The first-term legislator joined two-term state Sen. Sharon Hewitt, two-term Atty. Gen. Jeff Landry, and almost two-term Treas. John Schroder, who also served over two terms in the Legislature, all Republicans, in the contest. He obliquely but quite pithily referred to these competitors as “career politicians” in contrast to him who he alluded to as providing “real solutions.”
Of course, they may appear as careerists in contrast to him, as he has been an elected official for just three years – although in proportional terms, he has served almost a tenth of his life in office, at age 36, whereas Hewitt has served just slightly at seven years out of 64, and by years end he’ll have spent as much proportionally of his life in office as she. And therein lies the problem with his candidacy.
Running the state in adequate or better fashion takes two qualities, one of which is possessing ideas embraced by the public as also reflected in elected representatives. Nelson largely fits the bill here with endorsement of smaller and more efficient government, although his libertarian proposal to legalize marijuana raises serious questions about his judgment although perhaps not necessarily disqualifying.
It's the other quality where Nelson comes up short. He’s been involved in state politics in one form or another for only a few years, which is a severe handicap when it comes to helming the state. Let’s contrast his situation with that of three of the last four governors, who in electoral terms didn’t have that much experience themselves.
Republican Mike Foster had spent only eight years in the state Senate, but that is double Nelson’s time and prior to that had interacted with state officials for many years more in the course of running his business, including some behind-the-scenes politicking. Democrat John Bel Edwards also had just the two terms, but had headed up House Democrats in his second term and came from a family steeped in local electoral politics. The least experienced, Republican Bobby Jindal (who was years younger than Nelson), when he first ran hadn’t been elected to anything but had held high appointive offices at the state level as well as having federal government experience. (Democrat Kathleen Blanco had held elective offices for many years.)
Even last time’s eventual close loser to Edwards, businessman Eddie Rispone, while never having held elective office had decades of experience as a Republican Party activist, building relationships. And a consequence of their prior experiences, the elected trio had extensive experience in building and managing political coalitions, if not large organizations as well. It served them to form winning election campaigns and gave them some skills to commence governing.
Nelson has none of this. He has no leadership experience in the Legislature and a small base with which to start. He’s cranked out some good bills although his grandest ones have failed to pass and only a couple of those that did have more than trivial significance. He has few credentials to commend himself to both voters and activists, especially when compared to the three in the race. Ideas alone, especially when existing candidates articulate most of his already, won’t make it.
Worse, his geographical base of the north shore overlaps that of Schroder and Hewitt, who have far more extensive contacts with area activists. Worst of all, a campaign kitty of just into six figures as the end of 2021 falls woefully short of the amount desperately needed as a rookie to begin to eat into the name recognition and networking advantages enjoyed by the existing trio, and with little chance of achieving that. He doesn’t have a fortune to fall back upon to self-finance like Rispone or an angel to plug him into funding as Jindal had with the patronage of Foster behind him.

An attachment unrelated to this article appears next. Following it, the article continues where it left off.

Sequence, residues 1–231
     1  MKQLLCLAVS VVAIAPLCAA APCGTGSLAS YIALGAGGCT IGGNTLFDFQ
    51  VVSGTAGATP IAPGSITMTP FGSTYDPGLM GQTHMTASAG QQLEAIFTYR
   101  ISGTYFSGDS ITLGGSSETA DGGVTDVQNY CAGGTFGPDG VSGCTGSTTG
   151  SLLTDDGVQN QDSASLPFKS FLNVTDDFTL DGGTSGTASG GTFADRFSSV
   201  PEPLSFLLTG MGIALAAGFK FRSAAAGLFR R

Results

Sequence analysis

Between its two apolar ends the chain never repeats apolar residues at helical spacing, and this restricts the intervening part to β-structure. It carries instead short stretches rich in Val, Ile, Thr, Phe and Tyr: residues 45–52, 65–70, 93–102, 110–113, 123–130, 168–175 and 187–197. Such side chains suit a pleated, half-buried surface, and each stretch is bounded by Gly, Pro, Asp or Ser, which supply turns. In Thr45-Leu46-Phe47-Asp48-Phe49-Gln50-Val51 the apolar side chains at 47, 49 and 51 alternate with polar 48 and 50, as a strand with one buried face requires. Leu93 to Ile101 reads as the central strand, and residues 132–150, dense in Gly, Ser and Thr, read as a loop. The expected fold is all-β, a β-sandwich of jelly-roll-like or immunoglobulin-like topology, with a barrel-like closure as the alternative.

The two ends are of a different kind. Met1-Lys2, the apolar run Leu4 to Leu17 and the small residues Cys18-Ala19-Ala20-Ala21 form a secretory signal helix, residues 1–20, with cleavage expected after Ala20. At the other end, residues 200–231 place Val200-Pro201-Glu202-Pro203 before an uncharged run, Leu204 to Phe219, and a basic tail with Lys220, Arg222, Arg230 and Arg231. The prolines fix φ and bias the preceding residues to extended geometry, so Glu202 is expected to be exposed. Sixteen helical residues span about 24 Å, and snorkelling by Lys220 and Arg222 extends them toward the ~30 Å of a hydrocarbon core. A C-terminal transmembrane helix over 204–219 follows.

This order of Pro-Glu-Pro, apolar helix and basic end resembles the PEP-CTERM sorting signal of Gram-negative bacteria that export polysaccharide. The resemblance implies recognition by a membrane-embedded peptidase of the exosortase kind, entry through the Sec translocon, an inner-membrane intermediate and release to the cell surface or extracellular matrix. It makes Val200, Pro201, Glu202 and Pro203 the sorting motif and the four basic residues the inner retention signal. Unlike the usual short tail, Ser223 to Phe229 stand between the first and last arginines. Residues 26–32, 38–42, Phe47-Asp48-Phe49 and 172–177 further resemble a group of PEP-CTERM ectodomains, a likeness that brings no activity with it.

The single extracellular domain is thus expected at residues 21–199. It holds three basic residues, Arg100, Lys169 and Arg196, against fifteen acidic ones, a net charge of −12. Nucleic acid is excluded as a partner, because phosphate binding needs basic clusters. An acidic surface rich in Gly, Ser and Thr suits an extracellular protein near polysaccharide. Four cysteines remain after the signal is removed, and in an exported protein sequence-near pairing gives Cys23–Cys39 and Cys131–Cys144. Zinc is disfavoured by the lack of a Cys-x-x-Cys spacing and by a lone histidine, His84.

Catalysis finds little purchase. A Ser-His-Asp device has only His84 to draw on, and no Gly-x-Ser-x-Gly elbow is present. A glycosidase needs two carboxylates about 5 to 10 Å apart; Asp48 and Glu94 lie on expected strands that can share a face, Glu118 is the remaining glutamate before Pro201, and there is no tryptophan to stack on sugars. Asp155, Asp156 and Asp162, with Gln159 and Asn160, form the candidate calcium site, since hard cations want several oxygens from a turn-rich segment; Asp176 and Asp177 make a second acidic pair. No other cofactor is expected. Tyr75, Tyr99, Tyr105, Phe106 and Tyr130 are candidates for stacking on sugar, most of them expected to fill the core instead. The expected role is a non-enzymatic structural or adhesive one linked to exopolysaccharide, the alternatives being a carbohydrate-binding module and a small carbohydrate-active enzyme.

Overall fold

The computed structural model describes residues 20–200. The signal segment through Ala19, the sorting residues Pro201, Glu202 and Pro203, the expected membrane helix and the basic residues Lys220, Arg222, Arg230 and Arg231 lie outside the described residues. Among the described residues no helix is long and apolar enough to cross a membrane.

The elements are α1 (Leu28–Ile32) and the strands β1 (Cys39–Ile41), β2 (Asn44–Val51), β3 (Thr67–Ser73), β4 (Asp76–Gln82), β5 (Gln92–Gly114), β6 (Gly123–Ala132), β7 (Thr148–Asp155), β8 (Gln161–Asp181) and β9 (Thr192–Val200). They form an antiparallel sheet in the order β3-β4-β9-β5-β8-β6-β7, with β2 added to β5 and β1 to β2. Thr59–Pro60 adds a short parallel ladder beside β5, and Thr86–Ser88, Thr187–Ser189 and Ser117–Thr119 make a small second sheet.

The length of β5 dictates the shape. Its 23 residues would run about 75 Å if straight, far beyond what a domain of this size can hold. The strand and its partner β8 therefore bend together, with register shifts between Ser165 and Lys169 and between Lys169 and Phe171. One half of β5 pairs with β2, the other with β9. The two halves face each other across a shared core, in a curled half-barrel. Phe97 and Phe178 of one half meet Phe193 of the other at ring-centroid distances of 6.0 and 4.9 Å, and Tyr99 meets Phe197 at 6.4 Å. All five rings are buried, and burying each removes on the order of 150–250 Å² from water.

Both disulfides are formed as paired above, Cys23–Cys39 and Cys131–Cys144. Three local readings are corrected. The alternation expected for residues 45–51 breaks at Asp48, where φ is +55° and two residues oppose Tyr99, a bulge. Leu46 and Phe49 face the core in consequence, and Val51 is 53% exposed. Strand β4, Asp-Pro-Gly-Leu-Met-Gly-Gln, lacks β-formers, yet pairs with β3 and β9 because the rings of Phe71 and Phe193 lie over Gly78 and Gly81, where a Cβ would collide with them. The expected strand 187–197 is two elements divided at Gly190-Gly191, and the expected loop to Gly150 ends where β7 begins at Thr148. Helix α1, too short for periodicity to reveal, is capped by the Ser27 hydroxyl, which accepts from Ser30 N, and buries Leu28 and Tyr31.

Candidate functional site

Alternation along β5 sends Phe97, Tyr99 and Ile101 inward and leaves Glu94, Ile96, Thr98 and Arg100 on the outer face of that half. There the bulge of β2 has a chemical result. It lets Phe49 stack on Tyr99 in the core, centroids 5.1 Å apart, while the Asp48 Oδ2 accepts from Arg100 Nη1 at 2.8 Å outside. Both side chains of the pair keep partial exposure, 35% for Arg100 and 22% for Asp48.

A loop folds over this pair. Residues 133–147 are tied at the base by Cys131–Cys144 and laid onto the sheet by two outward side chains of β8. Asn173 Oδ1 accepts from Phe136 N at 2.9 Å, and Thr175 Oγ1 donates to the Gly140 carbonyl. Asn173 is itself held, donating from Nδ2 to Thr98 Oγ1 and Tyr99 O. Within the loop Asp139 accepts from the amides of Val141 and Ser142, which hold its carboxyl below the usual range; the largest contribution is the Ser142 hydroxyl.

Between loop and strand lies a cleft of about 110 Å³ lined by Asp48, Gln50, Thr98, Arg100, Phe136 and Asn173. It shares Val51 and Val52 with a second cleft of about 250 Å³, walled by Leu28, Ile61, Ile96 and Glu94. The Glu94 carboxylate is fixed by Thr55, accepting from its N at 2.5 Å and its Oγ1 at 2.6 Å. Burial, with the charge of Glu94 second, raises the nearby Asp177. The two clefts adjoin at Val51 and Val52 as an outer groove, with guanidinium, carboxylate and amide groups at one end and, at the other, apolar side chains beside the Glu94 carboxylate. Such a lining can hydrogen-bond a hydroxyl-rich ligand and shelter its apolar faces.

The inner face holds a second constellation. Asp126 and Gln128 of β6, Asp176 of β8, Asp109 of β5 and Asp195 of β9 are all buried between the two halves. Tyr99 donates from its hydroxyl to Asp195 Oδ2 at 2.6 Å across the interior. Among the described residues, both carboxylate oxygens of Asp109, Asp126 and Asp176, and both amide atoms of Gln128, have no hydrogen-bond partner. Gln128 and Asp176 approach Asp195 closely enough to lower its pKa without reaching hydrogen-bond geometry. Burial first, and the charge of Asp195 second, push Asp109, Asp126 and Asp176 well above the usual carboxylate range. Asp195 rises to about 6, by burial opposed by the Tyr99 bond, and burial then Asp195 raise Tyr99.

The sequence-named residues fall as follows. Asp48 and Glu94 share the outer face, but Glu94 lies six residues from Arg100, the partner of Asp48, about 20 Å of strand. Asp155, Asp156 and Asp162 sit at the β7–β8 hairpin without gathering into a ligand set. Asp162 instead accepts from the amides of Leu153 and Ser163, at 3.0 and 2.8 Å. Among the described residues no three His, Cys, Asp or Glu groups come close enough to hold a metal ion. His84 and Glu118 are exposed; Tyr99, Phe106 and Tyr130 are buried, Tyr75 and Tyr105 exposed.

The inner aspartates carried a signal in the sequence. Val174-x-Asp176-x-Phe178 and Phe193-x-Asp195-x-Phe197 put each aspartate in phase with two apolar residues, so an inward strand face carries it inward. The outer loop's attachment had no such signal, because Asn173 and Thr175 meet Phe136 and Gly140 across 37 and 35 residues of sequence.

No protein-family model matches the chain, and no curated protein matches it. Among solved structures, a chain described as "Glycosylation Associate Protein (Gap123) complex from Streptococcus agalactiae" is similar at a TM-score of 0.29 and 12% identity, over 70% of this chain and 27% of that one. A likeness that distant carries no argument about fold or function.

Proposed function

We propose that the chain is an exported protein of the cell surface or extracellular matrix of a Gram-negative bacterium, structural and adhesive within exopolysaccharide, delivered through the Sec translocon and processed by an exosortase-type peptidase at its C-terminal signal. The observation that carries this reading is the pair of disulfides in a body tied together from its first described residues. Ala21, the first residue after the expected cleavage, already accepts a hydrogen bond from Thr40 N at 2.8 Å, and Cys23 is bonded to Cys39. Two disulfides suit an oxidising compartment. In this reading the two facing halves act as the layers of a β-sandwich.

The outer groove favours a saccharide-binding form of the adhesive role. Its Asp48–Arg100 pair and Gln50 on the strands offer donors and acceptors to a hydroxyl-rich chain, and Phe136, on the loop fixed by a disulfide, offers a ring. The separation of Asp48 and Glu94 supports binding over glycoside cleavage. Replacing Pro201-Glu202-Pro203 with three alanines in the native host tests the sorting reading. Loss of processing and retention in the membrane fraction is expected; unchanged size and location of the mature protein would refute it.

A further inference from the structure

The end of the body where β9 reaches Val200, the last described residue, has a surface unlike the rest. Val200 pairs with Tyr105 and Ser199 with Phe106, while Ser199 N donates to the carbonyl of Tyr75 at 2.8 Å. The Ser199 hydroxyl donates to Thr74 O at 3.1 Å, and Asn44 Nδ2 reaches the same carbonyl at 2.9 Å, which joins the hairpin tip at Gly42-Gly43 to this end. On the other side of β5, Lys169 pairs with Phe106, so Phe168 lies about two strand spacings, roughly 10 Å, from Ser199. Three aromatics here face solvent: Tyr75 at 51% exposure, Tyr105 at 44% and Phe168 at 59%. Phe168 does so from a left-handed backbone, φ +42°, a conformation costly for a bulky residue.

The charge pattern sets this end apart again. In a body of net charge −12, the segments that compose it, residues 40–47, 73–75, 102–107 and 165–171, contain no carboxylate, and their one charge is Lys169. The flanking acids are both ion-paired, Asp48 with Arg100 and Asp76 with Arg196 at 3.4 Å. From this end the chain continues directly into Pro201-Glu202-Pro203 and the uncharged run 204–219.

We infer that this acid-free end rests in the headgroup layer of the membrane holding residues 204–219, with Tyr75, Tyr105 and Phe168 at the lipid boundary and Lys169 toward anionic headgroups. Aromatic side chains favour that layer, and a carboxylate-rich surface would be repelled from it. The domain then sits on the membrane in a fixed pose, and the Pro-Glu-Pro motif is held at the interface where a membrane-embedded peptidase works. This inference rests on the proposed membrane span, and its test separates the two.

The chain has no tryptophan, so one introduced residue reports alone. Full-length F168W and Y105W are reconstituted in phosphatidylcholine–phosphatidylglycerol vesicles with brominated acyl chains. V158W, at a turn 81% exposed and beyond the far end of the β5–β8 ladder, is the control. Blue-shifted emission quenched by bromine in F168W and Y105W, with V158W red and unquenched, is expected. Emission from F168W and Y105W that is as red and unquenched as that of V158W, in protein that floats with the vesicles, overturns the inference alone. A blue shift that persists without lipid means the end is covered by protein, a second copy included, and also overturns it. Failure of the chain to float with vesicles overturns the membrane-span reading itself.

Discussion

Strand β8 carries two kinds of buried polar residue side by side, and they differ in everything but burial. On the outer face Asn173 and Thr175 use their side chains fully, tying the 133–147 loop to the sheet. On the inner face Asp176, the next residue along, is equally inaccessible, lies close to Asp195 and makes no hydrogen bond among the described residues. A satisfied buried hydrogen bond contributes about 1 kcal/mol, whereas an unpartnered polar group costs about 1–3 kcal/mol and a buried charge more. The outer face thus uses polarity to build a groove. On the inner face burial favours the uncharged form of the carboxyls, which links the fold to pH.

At present, establishment Republicans don’t really have a horse to back in this race, with perhaps Schroder being their best but rather imperfect bet. They’d go with him in a heartbeat rather than Nelson, who talks as if he might impinge upon their rent seeking and whose legislation would encourage their employees to show up to work stoned.
This could go two ways. Nelson could end up like the 2014 Senate candidacy of GOP state Rep. Paul Hollis, who also was in his first term and had built a reputation as an ideas guy. Also from the north shore but who had to compete for space there with newcomer Republican Rob Maness, even he had more connections that Nelson, having come from a political family. After a few months, Hollis wisely backed out in an exercise seen as raising in profile for higher office, but something about which he never followed through.
Or, Nelson could follow the path of Maness, who after a short period living in the state upon retiring from the military declared himself the savior non-politician needed for the Senate and disparaged anybody who disagreed as not conservative enough and captive to forces working against the people. He saw the campaign through and got just into a double digit percentage of the vote, whereupon he descended into a carnival sideshow and then obscurity.
Nelson won’t attract much support from conservatives who will see existing candidates as good as, if not better than, him on the issues and much more capable of carrying out their agendas. Neither will he attract much support from non-conservatives few of whom will be turned on by those very issue preferences (perhaps excepting those who want to legalize prostitution). As far as making a difference in state government, he’s probably better off taking his toe from the water prior to qualifying and running for reelection, and chalking up the interlude as a profile-raising exercise for future ambitions.